Not only Nike limits its non-eco-friendly fabrics, but the brand is rebuilding its business model to still be the leader in a few years when sustainability might not only be an option. And consumers are responding to Nike’s strategy, for example with the new sneakers and clothing line “space hippy” made from 85 to 90% recycled products which made a lot of noise in the streetwear community in 2020. But Nike isn’t the only one, this year, the German competitor Adidas worked with the visionary-sustainable-fashion designer Stella McCartney to work on a responsible sportswear collection. And now, other small brands are jumping on the bandwagon like Outdoor Voices or Thread 4 Thoughts showing us that the trend is not a niche anymore and that there are business opportunities to come in that segment.
Adidas Stella McCartney
Thread 4 Thoughts
4 – Governments are putting pressure on the fashion industry and for this reason, sportswear will have to adapt its business model.
Polluting industries are increasingly under pressure from governments on the climate issue. For instance, in 2021 in France, the anti-waste law will prohibit the destruction of unsold clothes from brands and retailers in the country. That means that brands are starting to be held accountable for their impact on the environment and that they will take more benefit by changing their model now rather than staying the same with less consideration for environmental issues.
The European Union has already created a plan since 2019 in which textile will be a key element in their “priority product category for the circular economy plan in the future decade”. Therefore, by facing a potential political threat in the future, fashion brands are working with governments to make a change. In August 2019 at the G7 summit, more than 150 brands (including Nike and Adidas) signed with the support of Emmanuel Macron the “Fashion Pact” aiming at reducing the impact of fashion on the environment with measures in line with the Paris Agreements and the United Nations Sustainable Development Goals. So now that leaders of the fashion and sportswear industries are working on the environmental issue with a political supervision, it is clear that the future of sportswear will not be built without sustainibility.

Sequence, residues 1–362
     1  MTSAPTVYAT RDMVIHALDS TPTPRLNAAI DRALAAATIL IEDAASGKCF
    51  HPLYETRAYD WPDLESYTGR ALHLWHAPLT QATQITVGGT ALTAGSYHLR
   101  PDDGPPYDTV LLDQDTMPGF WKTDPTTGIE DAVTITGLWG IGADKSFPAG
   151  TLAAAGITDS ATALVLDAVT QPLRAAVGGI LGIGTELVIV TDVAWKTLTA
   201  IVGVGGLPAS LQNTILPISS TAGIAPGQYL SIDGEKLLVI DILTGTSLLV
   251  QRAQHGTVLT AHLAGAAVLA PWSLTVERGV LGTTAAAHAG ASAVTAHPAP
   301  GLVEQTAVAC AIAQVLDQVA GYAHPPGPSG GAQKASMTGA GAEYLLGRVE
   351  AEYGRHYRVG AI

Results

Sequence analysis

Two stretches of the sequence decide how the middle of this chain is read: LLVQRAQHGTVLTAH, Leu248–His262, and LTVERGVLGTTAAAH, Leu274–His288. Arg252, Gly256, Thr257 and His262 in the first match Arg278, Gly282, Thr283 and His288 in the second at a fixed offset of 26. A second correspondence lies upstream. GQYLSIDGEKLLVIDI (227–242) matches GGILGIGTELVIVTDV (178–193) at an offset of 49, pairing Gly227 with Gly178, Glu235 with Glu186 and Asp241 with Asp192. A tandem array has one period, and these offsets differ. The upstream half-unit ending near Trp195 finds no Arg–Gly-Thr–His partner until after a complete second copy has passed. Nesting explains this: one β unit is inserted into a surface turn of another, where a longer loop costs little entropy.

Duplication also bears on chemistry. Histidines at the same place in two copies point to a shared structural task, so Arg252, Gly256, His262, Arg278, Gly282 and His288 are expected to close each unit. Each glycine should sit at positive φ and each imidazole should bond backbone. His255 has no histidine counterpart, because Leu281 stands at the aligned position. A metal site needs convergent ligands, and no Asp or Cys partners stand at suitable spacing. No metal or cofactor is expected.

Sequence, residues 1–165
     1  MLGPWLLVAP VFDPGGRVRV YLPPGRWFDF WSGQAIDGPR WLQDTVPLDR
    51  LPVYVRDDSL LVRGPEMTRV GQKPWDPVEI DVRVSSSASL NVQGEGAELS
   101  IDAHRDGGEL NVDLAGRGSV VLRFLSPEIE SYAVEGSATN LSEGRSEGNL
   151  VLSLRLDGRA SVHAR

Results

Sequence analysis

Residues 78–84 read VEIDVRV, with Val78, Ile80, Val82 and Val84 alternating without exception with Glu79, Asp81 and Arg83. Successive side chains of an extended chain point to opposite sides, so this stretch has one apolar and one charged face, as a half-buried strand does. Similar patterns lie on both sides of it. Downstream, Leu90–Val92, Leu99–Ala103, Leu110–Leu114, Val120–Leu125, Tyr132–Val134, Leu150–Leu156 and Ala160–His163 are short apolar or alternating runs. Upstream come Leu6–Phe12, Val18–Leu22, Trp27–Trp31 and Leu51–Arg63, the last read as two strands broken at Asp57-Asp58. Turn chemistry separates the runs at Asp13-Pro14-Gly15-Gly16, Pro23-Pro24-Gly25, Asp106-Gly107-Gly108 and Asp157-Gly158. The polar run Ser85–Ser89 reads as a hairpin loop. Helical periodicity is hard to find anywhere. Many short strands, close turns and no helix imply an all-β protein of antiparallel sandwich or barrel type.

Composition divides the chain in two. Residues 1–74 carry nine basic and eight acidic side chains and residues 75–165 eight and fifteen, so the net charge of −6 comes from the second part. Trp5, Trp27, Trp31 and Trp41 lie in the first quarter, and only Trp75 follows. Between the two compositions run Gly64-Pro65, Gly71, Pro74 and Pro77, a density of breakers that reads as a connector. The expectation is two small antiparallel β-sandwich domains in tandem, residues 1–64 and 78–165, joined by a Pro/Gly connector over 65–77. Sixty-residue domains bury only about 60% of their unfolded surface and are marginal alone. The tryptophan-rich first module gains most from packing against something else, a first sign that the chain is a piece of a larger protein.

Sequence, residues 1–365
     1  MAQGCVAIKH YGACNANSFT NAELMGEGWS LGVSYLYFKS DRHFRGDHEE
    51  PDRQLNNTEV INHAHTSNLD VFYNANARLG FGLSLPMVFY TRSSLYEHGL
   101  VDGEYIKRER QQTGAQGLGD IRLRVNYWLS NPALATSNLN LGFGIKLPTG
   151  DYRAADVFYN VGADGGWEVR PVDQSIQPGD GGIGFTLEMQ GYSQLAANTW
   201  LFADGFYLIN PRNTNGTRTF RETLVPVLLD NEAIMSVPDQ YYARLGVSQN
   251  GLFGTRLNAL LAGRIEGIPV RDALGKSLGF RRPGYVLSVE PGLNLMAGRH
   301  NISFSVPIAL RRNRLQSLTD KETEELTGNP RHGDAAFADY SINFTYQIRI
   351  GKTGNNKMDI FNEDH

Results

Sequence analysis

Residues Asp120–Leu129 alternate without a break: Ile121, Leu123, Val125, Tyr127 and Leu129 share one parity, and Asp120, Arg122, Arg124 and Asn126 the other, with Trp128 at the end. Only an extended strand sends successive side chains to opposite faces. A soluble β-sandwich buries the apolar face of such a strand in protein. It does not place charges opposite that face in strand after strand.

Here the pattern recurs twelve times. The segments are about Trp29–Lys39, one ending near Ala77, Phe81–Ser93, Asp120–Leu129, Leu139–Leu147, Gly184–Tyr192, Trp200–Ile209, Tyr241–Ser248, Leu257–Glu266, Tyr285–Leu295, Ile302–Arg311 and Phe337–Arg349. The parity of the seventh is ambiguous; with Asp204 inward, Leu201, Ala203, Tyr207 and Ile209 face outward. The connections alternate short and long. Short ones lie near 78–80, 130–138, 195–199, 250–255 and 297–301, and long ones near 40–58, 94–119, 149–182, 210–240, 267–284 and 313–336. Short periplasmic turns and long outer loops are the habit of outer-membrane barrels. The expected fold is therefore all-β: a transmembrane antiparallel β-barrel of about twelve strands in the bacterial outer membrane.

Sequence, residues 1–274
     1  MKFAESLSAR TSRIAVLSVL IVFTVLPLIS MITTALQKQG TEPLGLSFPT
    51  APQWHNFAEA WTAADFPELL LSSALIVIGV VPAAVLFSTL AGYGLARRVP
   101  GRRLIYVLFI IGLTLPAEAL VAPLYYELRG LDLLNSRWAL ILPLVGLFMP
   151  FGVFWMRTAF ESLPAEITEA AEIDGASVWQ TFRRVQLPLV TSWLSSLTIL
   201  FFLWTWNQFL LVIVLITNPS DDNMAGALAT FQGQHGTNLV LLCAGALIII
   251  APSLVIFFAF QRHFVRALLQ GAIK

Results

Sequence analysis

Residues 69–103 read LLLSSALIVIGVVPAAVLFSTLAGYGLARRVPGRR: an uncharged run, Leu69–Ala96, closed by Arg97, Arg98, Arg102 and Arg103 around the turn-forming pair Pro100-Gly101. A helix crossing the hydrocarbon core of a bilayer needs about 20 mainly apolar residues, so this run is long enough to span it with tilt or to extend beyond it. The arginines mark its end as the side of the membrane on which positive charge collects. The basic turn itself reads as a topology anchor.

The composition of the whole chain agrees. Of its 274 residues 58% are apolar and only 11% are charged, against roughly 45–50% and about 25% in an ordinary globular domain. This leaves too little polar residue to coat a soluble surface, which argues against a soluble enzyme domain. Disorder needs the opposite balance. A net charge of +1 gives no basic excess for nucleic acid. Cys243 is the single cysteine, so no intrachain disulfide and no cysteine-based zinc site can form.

Emmanuel Macron et les représentants du luxe au sommet du G7
5 – Sustainability also means respect towards ethics, and sportswear has a demanding consumer target concerned by these issues.
Sustainability isn’t just about your clothes but also the humans producing or wearing it. And today where millennials and gen z are the principal consumers of athleisure, streetwear and activewear, it is obvious to say that they need from their favorite brand to talk about current social issues. The Black Lives Matter movement after the murder of Georges Floyd in Minneapolis in May 2020 has really shown that young consumers asked for brands to defend social justice and equality. Today and tomorrow, brands will have a responsibility to prone progress not only inside their business models but in the society in general.
But that demanding consumer market also forces brands to be 100% transparent. In July 2020 the BBC revealed that several giant brands such as Nike and Adidas were manufacturing their products in sweatshops using workers of the oppressed Uyghurs community in China. That disclosure caused a Nike and Adidas boycott by many young Western consumers that could not buy a product that was not made ethically.
This kind of scandal is the right proof that tomorrow it won’t be possible for sportswear brands to sell products without proving to its consumers that it was made ethically and responsibly.
Manifestation a la Fashion Week de Londres en 2019